The Salt Life: Older Women and Exercise (by Sasha)

Throughout Sarasota, women “of AARP age” are exercising. You can see them walking the beach, running over the Ringling Bridge, biking the roadways, pumping iron at the gym, competing on tennis courts and golf courses, and practicing at yoga studios.

Whenever my sister Cat and I see these women, we say in unison “You Go Girl!” We don’t care how they look, what they wear, or whether they are good at what they are doing. We admire them. We are each one of them.

And we can’t help but recall how much has changed for American women and exercise.

When we were growing up in the 1960s, it was a dim time for girls and “physical education” (a misnomer if any there was one). Unfortunately, these classes taught us that we as females were not meant to be physical:

  • We wore  cloth gym suits that had to be starched and ironed;
  • On our feet were ill-fitting Keds that we kept white by applying shoe polish;
  • We were graded not on what we achieved in class, but according to whether we “tried” and whether our uniforms passed inspection;
  • When we had cramps from our menstrual cycle, we were allowed to skip gym class—and we did, as often as possible;
  • We never warmed up our muscles or stretched before or after exercise;
  • Every year our “fitness” was assessed by the number of jumping jacks, sit-ups, and chin-ups we could do in a timed session;
  • Only girls were introduced to gymnastics and dance; only boys to lacrosse, soccer, weightlifting, wrestling, and football;
  • When we played basketball, we had to dribble three times then pass, and we only played half-court;
  • In the locker room, we were our own worst enemies; we judged each other (and ourselves) by cup size, leg stubble, and body fat;
  • We chose up teams and ridiculed those chosen last, and labeled as lesbian any girl who was a “jock;” mediocrity was the safest route to go;
  • We tried our best not to sweat in order to avoid ruining our hair or having to shower in the locker room;
  • We were encouraged to join team spirit (for only the boys’ teams) by becoming a cheerleader, joining the pep squad, twirling batons;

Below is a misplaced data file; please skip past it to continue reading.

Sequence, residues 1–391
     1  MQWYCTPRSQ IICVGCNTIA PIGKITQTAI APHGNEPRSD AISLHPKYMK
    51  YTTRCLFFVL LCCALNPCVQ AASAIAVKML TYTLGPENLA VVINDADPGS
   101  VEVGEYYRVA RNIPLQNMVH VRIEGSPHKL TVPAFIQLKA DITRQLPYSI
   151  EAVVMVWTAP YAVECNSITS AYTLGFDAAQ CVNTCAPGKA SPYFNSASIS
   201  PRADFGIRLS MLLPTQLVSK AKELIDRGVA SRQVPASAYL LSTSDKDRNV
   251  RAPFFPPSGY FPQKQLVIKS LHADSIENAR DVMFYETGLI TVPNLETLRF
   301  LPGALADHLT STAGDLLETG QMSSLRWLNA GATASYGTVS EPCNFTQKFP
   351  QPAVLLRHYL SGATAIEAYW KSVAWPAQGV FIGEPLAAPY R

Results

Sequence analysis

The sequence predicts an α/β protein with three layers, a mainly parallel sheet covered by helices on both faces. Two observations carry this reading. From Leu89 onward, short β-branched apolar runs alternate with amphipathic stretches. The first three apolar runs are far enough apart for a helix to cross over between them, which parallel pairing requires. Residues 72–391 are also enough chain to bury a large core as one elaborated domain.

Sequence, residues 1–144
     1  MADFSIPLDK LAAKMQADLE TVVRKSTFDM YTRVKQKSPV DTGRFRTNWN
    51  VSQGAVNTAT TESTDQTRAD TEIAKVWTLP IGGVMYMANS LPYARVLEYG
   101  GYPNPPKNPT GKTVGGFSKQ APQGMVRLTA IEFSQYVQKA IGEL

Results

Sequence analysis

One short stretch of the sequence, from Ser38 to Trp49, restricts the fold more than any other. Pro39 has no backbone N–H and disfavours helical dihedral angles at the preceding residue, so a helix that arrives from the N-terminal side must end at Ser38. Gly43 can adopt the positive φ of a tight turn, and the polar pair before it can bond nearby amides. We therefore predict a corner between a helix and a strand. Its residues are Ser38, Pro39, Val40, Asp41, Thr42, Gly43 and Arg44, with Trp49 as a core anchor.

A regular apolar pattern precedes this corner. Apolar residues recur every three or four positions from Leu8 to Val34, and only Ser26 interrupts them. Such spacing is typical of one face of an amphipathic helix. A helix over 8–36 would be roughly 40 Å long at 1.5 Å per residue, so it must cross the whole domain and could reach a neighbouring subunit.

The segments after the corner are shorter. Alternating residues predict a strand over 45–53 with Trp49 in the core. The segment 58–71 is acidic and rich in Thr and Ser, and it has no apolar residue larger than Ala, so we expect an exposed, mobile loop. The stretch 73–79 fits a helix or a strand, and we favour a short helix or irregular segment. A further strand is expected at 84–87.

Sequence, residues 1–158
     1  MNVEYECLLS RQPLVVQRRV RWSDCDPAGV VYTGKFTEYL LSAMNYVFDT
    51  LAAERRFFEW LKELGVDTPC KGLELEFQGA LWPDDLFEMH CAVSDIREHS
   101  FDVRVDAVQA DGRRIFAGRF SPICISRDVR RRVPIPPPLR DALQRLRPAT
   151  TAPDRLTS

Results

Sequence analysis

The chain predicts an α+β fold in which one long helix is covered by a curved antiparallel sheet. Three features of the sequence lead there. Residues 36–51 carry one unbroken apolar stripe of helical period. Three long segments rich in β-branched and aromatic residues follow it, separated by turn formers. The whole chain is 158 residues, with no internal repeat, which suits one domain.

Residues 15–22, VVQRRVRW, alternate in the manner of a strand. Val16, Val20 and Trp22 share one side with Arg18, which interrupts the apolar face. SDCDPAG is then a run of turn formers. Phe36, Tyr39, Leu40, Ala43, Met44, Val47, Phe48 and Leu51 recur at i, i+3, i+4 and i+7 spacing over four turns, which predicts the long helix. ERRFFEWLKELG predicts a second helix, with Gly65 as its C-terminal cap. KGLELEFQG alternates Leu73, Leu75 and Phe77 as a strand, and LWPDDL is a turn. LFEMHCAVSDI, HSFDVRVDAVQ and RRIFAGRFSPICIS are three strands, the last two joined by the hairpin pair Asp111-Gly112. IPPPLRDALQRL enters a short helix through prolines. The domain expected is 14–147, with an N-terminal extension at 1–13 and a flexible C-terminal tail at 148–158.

• When we joined one of the few competitive girls’ teams, we lacked uniforms, equipment, coaches, travel budgets, and time to practice on the field or courts;
  • When we asked for more resources, we were made to feel guilty that we were taking money away from the serious athletes (i.e., boys).

Then in 1972 along came Title IX. 

Title IX of the Education Amendments of 1972 states: “No person in the United States shall, on the basis of sex, be excluded from participation in, be denied the benefits of, or be subjected to discrimination under any education program or activity receiving Federal financial assistance.”

Given this language, it was anticipated that Title IX would be used–and it was–to challenge and change discriminatory practices in education in general (like scholarships, admissions policies, discipline policies, and treatment of pregnant girls.)  Few foresaw that Title IX would also apply to sports. But since sports is an activity within education, and the inequality was blatant, it wasn’t long before Title IX began to literally change the playing field for girls.

The impact can’t be underestimated: in 1971 only 294,000 girls played high school sports; in 2011 that number was 3.2 million. (National Federation of State High School Associations).

So, a shout out today to:

  • female athletes who compete with sculpted muscles and sweat drenching their uniforms,  and who have altered what it means to  “play like a girl;”
  • my elderly neighbor who, using her walker, walks down the road even on the hottest of days, and sets new goals to meet each week (the next mailbox, the next driveway);
  • those of us who came of age before the impact of Title IX and somehow found our way to exercise and even sports competition; and
  • those in the future who will take to exercise and sports as ducks to water.

With that as background, it is a pleasure, a triumph, to watch the Summer Olympics, or grand slam tennis matches, or witness all the older women who work out daily in Sarasota. To each of you: You Go Girl!

2 thoughts on “The Salt Life: Older Women and Exercise (by Sasha)”

  1. I often think that I would have been a different person if I had been a few years younger, so that I could have benefited from Title IX in the athletics department. In high school I tried to start a soccer team, but there wasn’t enough interest. A few years later, my sisters played soccer along with what what seemed like every other girl in town. Bad memories of my own sea foam green gym uniform… good memories of a few gym teachers, including the gym teacher who introduced me to track and field, running and jumping alongside of us although she was very visibly pregnant.


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